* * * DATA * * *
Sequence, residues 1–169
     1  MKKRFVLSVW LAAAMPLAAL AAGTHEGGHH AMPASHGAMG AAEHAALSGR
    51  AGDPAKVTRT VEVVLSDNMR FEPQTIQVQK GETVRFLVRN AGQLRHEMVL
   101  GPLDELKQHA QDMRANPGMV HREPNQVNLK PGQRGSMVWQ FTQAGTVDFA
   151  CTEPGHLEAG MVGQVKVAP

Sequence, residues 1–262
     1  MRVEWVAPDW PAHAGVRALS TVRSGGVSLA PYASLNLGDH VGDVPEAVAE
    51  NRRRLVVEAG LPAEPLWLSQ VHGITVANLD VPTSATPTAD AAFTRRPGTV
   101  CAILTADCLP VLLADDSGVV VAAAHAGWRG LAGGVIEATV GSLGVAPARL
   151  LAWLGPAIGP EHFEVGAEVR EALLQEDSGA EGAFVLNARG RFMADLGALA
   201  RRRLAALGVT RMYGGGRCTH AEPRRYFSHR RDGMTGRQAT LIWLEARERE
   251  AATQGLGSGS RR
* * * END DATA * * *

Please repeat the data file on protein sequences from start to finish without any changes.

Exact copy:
Sequence, residues 1–169
     1  MKKRFVLSVW LAAAMPLAAL AAGTHEGGHH AMPASHGAMG AAEHAALSGR
    51  AGDPAKVTRT VEVVLSDNMR FEPQTIQVQK GETVRFLVRN AGQLRHEMVL
   101  GPLDELKQHA QDMRANPGMV HREPNQVNLK PGQRGSMVWQ FTQAGTVDFA
   151  CTEPGHLEAG MVGQVKVAP

Sequence, residues 1–262
     1  MRVEWVAPDW PAHAGVRALS TVRSGGVSLA PYASLNLGDH VGDVPEAVAE
    51  NRRRLVVEAG LPAEPLWLSQ VHGITVANLD VPTSATPTAD AAFTRRPGTV
   101  CAILTADCLP VLLADDSGVV VAAAHAGWRG LAGGVIEATV GSLGVAPARL
   151  LAWLGPAIGP EHFEVGAEVR EALLQEDSGA EGAFVLNARG RFMADLGALA
   201  RRRLAALGVT RMYGGGRCTH AEPRRYFSHR RDGMTGRQAT LIWLEARERE
   251  AATQGLGSGS RR